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7 April 2005
This article is part of the series E-voting.
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Scientific analysis of the elections in the U.S.A.
Voting results possibly manipulated

Door Daan de Wit
This article has been translated from Dutch by Tim Pastoor.

Scientific analysis shows a statistically unexplainable large gap between the results of the American presidential elections and the exit polls. 'Scientific Analysis Suggests Presidential Vote Counts May Have Been Altered', concludes US Counts Votes in reference to the report (PDF) 'Analysis of the 2004 Presidential Election Poll Discrepancies'. The report was written by the National Election Data Archive Project, consisting of a large number of competent professors.

Exit polls are usually known for their accuracy and are therefore also used to indicate the value of the results. Exit polls have been used to verify the integrity of elections in the Ukraine, in Latin America, in Germany and elsewhere. Yet in November 2004, the U.S. exit poll discrepancy was much more than normal exit poll error (and similar to that of the invalid election). In the U.S. the difference amounted to between 5.5% and 6.5%. 'Either something was wrong with the exit polling, or something was wrong with the vote count'. Conducting exit polls is a near-science, but voting is definitely not: there were more than 28,000 problems that were made note of in the last American elections. Besides that there were another 400,000 reports made on a phone line.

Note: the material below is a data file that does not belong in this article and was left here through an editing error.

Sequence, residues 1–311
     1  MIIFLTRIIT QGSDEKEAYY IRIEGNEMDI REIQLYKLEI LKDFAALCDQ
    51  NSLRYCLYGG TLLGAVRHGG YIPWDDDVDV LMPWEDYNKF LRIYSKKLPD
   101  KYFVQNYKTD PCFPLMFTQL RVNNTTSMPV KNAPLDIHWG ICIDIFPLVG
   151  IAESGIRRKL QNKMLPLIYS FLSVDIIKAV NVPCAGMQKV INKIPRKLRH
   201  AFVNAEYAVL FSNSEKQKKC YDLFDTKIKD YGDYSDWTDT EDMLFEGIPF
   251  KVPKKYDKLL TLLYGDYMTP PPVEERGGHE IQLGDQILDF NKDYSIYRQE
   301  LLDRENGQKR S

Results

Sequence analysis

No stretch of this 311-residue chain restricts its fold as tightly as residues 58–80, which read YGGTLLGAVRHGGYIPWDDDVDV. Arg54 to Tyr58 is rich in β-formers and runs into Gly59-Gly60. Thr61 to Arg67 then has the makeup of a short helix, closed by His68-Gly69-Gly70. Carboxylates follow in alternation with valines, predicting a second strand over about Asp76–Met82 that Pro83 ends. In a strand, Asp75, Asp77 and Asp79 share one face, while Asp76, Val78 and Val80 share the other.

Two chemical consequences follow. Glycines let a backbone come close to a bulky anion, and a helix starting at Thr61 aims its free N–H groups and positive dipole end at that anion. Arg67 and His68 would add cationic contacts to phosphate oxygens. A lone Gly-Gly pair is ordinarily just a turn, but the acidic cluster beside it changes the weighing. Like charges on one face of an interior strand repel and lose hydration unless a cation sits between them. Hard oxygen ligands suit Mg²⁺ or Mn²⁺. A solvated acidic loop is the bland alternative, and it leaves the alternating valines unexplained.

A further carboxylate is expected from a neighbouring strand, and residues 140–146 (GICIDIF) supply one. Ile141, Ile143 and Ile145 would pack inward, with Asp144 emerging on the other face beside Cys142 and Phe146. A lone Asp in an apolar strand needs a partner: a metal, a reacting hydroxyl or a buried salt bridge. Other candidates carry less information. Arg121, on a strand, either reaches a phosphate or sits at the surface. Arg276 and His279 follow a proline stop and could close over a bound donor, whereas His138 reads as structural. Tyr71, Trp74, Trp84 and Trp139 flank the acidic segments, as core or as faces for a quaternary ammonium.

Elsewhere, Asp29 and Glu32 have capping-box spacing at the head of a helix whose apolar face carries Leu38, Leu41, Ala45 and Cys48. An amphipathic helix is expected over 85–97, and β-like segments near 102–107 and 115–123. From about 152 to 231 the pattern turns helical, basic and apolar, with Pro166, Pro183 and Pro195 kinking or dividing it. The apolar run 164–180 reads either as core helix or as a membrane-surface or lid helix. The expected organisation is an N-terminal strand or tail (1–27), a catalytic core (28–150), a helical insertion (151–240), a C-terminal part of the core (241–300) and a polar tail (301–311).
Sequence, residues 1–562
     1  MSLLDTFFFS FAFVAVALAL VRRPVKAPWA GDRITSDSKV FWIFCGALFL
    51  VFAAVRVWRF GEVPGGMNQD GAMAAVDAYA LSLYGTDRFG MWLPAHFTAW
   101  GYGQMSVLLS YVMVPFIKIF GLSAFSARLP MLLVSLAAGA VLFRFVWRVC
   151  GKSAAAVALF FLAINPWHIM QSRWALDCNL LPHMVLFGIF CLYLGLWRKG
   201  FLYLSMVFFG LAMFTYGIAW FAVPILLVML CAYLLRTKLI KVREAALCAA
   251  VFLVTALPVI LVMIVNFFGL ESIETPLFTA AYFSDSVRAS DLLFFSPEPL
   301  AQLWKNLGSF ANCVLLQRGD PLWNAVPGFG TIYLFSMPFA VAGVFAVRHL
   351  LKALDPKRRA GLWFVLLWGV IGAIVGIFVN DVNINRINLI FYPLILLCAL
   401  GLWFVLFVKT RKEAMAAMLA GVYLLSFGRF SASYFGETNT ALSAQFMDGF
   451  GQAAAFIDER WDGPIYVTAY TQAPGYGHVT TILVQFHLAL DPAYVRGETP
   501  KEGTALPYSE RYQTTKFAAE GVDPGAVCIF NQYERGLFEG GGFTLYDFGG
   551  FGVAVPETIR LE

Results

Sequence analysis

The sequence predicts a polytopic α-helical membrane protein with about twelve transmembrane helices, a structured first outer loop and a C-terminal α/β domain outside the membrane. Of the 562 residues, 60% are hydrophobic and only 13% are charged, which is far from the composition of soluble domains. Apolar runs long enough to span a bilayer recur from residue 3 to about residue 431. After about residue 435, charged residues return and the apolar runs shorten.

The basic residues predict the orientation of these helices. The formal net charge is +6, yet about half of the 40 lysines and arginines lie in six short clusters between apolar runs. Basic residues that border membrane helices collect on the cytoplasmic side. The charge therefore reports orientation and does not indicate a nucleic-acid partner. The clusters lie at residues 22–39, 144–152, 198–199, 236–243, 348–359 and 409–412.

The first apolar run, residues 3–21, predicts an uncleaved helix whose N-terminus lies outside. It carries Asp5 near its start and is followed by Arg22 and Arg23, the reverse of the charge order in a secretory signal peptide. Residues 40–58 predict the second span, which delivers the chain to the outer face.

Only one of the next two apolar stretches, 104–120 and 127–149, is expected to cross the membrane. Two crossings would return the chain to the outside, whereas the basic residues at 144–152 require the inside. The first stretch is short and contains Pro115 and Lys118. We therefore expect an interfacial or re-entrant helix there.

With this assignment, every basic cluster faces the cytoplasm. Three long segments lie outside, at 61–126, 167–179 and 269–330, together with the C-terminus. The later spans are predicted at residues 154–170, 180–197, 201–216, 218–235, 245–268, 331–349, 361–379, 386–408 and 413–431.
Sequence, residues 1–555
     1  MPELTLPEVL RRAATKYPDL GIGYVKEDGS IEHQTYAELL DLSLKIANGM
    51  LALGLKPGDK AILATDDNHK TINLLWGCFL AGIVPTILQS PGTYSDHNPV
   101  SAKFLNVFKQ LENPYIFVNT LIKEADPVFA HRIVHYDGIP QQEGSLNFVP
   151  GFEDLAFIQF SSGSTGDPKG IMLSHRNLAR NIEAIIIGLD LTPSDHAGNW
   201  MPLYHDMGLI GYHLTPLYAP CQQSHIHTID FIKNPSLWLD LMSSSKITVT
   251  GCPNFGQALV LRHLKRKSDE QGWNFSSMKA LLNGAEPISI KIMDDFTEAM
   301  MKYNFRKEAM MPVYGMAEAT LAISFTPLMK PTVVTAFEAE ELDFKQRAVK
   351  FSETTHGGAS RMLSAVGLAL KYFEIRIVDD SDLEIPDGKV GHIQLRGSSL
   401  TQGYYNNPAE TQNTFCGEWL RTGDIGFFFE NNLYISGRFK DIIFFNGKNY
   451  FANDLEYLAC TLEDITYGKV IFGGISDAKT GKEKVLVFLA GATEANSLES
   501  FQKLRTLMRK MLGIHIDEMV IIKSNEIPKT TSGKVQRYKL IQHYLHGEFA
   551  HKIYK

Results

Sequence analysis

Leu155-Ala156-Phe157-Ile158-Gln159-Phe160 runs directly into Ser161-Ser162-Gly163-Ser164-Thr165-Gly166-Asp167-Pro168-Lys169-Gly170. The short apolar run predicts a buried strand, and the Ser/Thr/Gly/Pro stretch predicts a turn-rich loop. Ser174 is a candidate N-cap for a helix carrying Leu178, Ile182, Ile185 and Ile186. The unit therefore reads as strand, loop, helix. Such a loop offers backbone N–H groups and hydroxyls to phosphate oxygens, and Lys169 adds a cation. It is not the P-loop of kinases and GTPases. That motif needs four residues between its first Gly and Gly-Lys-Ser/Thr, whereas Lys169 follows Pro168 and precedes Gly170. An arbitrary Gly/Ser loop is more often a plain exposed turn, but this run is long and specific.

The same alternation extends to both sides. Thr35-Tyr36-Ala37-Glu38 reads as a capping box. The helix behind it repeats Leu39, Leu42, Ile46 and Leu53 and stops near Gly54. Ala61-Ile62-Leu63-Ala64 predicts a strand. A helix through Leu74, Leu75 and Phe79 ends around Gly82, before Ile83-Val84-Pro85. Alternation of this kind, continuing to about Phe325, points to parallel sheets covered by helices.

Impossible voting discrepancies always end up good for Bush
In February magazine Vanity Fair talked to an anonymous insider  from a voting machine manufacturer: 'I asked her, finally, what would be the logical grounds for deducing that any tampering had in fact occurred.' Well, I understand from what I have read," she said, 'that the early exit polls on the day were believed by both parties.' That, I was able to tell her from direct experience, was indeed true. But it wasn't quite enough, either. So I asked, "What if all the anomalies and malfunctions, to give them a neutral name, were distributed along one axis of consistency: in other words, that they kept on disadvantaging only one candidate?" My question was hypothetical, as she had made no particular study of Ohio, but she replied at once: "Then that would be quite serious."'

Bush president, but: Voting result is unreliable
University professor Ron Baiman already wrote an analysis last year based on the exit poll data. 'I conclude that, based on the best exit sample data currently available, neither the national popular vote, or many of the certified state election results, are credible and should not be regarded as a true reflection of the intent of national electorate, or of many state voters [...]'. He calculated in many different ways how hugely improbable it is that the results now known could be right.

The whole story is too little, too late. It doesn't matter anymore and it makes no sense to worry about it.

Last month Noam Chomsky wrote: 'Why don't people care if the election is stolen? The reason is that they don?t take the election seriously in the first place?. Nevertheless DeepJournal will keep reporting on this problem in order to contribute to the prevention of it.

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